"Things happen quick in this game," Union manager Jim Curtin said, "and they happen for a reason. They happen to people who earn it and Keegan earned it from Day 1.

"He came in with a great mentality. He's a winner, and he projects a lot of things we want a Philadelphia Union player to be.

"It's been a quick ride, but maybe one that we weren't as surprised about as maybe everybody else."

Perhaps one of the most important moments of Rosenberry's rookie season was also one of his lowest. The Union opened at FC Dallas, which entered as a favorite for the 2016 MLS Cup.

Rosenberry got a harsh introduction to the top flight of soccer in the United States as the speed of Dallas' attackers wreaked havoc on the Union defense.

These are the type of moments that test the conviction of players - especially one making his first MLS start. Some players wallow in what happened, while others pick themselves up and use the lessons learned to improve for the next time.

"The first game for us was a very tough matchup," Rosenberry said. "I think it said a lot about the culture of our team how we bounced back and performed the next couple of matches.

"Each player tries to embody what the organization is about, and I tried to do that as well. It wasn't the best game individually but as a team we rallied around each to come back against Columbus (a 2-1 win in the next game)."

Rosenberry said that first start at FC Dallas help set him up for the rest of the season.

"There's nothing like being out there Opening Day," he said, "and playing in front of a big crowd to settle some of those nerves and be a little more relaxed going into Columbus was big for me. The staff and my teammates were great about helping me through that."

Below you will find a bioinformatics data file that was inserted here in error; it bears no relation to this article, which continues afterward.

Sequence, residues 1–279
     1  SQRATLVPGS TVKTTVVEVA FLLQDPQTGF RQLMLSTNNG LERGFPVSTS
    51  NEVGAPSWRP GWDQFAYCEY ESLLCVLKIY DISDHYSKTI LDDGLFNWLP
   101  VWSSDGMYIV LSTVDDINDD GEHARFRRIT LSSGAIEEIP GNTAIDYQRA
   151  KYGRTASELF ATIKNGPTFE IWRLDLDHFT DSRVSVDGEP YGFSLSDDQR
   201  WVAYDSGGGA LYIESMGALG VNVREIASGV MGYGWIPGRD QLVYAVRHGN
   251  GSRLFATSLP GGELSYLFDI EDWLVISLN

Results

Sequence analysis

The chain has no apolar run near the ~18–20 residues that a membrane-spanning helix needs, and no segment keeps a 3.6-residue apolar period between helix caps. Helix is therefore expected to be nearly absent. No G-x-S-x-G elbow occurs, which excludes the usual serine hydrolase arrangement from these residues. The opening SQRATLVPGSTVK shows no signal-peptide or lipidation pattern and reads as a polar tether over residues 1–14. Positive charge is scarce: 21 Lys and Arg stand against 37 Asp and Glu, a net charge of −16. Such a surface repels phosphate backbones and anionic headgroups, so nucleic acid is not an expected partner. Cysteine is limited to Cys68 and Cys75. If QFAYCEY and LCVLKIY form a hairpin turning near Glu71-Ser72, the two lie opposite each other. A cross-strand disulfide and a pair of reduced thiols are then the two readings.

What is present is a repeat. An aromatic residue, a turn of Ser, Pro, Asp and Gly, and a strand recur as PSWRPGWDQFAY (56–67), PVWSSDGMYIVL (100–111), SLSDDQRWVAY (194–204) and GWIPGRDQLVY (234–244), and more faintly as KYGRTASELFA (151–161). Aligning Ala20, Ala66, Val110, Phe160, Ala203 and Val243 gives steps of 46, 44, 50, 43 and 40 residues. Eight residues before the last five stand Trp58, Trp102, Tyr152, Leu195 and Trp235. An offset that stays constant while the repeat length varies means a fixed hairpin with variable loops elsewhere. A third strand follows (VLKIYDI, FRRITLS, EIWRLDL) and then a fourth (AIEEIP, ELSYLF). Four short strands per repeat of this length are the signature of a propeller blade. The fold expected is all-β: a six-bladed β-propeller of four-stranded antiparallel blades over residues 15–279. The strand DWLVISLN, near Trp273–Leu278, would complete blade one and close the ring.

Union fans had heard promises of a change in culture for four seasons without a playoff appearance.

The ZOLOs' quick start reignited the pulse in Talen Energy Stadium and while they faltered down the stretch, they still did enough to reach the playoffs for the first time since 2011 and only the second time in team history.

"In the first half of the season, we were near the top of the Eastern Conference and we played well at home," Rosenberry said. "That does a lot for the fans, the expectations and the culture for the team and the city.

"We could feel that with every home game that we built on and it was really exciting for us. The challenge this year is to continue to build on that and then be more consistent throughout the year."

The Union will open training camp on Jan. 23 and nobody will mind if Rosenberry arrives late. The national team has friendlies against Serbia on Jan. 29 in San Diego and Jamaica on Feb. 3 in Chattanooga, Tenn.